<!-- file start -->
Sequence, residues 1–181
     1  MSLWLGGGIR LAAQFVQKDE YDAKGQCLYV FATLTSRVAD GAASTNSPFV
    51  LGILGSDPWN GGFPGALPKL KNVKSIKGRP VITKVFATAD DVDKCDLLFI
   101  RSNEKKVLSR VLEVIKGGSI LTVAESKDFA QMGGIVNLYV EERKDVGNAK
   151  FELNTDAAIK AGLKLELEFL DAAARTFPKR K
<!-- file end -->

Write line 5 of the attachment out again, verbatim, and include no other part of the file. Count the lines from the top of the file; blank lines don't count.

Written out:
   151  FELNTDAAIK AGLKLELEFL DAAARTFPKR K